Months ago, the Obama administration kicked the ISIS can down the road claiming a lack of intelligence. We assume they were speaking of intelligence related to ISIS. We are capable of reading car tags from outer space, but we apparently had trouble following an army of thousands.
The President’s national security team now justifies his “JV” comment from January in its usual manner: by clarifying “what he really meant,” and changing the context of the moment so that the straw men remain standing in the full flower of hindsight.
The President stepped to the podium Monday, with some (e.g., me) hopeful that he would announce an expanded effort against ISIS while we had the chance – perhaps a moment of clarity, an epiphany. Perhaps to tell us that he had separated the politics in Baghdad from the crisis in Kurdistan, and that a new set of orders had been sent down the chain of command.
No such luck. He told us exactly what he’d told us on Saturday. But some level of deeper understanding was at least on the horizon.
Appearing on Fox Special Report on Monday, Washington Post editorial writer Charles Lane suggested that in the earlier days of ISIS the Obama administration saw an upside to the ISIS advance: it applied pressure on the al-Maliki government in Baghdad. As violence and degradation against Christians and minorities (including Muslims) expanded, the administration, said Lane, saw the undesirable consequences of its earlier hopes.
Monday afternoon, a “senior intelligence official” anonymously pushed back by way of the Wall Street Journal. He or she insisted that they warned Obama and the warnings were essentially ignored, likely in favor of the context Lane reported.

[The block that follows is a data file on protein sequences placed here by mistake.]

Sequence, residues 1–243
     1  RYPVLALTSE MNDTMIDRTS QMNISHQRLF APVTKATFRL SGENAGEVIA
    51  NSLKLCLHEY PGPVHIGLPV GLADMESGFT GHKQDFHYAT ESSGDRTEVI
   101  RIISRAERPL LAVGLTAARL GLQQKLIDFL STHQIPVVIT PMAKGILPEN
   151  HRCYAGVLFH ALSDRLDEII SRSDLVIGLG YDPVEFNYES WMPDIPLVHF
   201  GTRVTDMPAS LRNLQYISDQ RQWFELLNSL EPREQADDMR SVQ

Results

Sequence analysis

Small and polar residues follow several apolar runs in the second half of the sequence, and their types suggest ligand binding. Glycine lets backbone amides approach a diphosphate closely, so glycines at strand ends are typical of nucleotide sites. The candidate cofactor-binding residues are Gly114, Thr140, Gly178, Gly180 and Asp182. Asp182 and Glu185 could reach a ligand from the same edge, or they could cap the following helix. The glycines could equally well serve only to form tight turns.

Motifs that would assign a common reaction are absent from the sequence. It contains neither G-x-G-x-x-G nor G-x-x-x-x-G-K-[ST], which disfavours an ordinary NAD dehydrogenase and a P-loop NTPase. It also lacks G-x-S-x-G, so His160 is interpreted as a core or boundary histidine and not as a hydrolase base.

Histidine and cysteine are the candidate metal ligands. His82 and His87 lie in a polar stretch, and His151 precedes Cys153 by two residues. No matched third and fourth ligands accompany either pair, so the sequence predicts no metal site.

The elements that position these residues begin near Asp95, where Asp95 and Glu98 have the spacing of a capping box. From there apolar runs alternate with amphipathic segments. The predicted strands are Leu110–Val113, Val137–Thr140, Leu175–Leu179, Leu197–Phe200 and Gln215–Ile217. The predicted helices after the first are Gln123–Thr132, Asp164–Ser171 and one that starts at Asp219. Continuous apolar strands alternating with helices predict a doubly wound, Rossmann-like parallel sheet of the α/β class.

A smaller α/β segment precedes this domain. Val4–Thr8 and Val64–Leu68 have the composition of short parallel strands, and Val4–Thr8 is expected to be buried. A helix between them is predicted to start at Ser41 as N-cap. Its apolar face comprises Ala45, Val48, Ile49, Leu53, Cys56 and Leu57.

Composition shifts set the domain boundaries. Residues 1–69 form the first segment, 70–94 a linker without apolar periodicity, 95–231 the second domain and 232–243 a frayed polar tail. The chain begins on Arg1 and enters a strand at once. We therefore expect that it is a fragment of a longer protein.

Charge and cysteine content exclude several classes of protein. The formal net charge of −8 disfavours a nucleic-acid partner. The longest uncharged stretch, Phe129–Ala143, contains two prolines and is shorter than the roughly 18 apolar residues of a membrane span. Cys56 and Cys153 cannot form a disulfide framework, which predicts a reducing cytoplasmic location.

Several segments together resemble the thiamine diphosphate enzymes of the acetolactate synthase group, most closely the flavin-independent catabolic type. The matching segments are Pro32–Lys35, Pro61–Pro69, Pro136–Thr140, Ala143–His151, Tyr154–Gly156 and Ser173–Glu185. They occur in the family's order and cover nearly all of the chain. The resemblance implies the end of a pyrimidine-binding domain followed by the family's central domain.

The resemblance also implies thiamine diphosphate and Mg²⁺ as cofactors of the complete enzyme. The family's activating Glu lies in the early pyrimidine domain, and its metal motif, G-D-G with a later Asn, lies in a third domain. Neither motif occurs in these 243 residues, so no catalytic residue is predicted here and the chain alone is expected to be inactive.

The Pentagon was not far behind, as Lt. Gen. Bill Mayville, speaking for the Pentagon, made it clear that the current policy was “unlikely to affect ISIS’s overall operations.” The Pentagon knows as do many that pinpricks result in a change of tactics, not strategy – and that is exactly what happened. Instead of traditional military formations and movement, ISIS moved into the cities to assume insurgency tactics.
The opportunity to, say, take out every tank, APC, mobile rocket launcher, or artillery piece was now no longer there. After the beat-down we applied to Israel over civilian casualties, we can be assured there will be no airstrikes in those cities. ISIS wins this round as the U.S. confronts a conundrum over the humanitarian crisis ISIS has created, while ISIS goes to ground to protect their heavy armaments. It’s a win-win for ISIS: Christians die, Kurdistan is socked with a refugee crisis and the U.S. looks feckless, once again.
The President’s straw men stand at attention: “no boots on the ground”; “there is not a military solution to every problem”; “we can’t do everything.” Even willing to grant a measure of validity to those opinions does not mean that there are not real threats that do demand some manner of military action.
If you believe that ISIS is not a threat, stand with the straw men. If you believe they are, you know by now we missed the boat. Actions – as well as inaction – send messages in the Middle East. Had we gone after the heavy weapons, that would have been a message that there is a real red line. It would have demonstrated the price to be paid for inflicting medieval interpretations of Islam on the innocent.
No such message was sent.